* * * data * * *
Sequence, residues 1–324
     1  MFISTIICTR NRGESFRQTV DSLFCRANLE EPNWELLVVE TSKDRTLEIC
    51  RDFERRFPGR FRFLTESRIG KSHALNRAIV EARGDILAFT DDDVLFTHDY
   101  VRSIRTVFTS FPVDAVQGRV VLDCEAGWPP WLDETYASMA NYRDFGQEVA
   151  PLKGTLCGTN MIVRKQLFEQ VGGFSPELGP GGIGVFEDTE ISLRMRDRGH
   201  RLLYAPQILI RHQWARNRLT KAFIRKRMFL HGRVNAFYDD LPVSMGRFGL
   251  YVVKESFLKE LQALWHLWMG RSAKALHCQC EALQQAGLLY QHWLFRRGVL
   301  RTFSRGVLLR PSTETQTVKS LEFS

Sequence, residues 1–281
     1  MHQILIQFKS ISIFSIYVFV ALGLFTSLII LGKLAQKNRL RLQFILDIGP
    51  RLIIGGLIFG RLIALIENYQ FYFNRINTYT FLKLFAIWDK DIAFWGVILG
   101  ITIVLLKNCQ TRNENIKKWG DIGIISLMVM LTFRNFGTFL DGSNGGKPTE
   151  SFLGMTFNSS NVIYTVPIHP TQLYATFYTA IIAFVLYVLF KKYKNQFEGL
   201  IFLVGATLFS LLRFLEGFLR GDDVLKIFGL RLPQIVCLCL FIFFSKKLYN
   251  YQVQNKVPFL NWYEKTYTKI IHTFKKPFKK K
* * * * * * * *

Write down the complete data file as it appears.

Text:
Sequence, residues 1–324
     1  MFISTIICTR NRGESFRQTV DSLFCRANLE EPNWELLVVE TSKDRTLEIC
    51  RDFERRFPGR FRFLTESRIG KSHALNRAIV EARGDILAFT DDDVLFTHDY
   101  VRSIRTVFTS FPVDAVQGRV VLDCEAGWPP WLDETYASMA NYRDFGQEVA
   151  PLKGTLCGTN MIVRKQLFEQ VGGFSPELGP GGIGVFEDTE ISLRMRDRGH
   201  RLLYAPQILI RHQWARNRLT KAFIRKRMFL HGRVNAFYDD LPVSMGRFGL
   251  YVVKESFLKE LQALWHLWMG RSAKALHCQC EALQQAGLLY QHWLFRRGVL
   301  RTFSRGVLLR PSTETQTVKS LEFS

Sequence, residues 1–281
     1  MHQILIQFKS ISIFSIYVFV ALGLFTSLII LGKLAQKNRL RLQFILDIGP
    51  RLIIGGLIFG RLIALIENYQ FYFNRINTYT FLKLFAIWDK DIAFWGVILG
   101  ITIVLLKNCQ TRNENIKKWG DIGIISLMVM LTFRNFGTFL DGSNGGKPTE
   151  SFLGMTFNSS NVIYTVPIHP TQLYATFYTA IIAFVLYVLF KKYKNQFEGL
   201  IFLVGATLFS LLRFLEGFLR GDDVLKIFGL RLPQIVCLCL FIFFSKKLYN
   251  YQVQNKVPFL NWYEKTYTKI IHTFKKPFKK K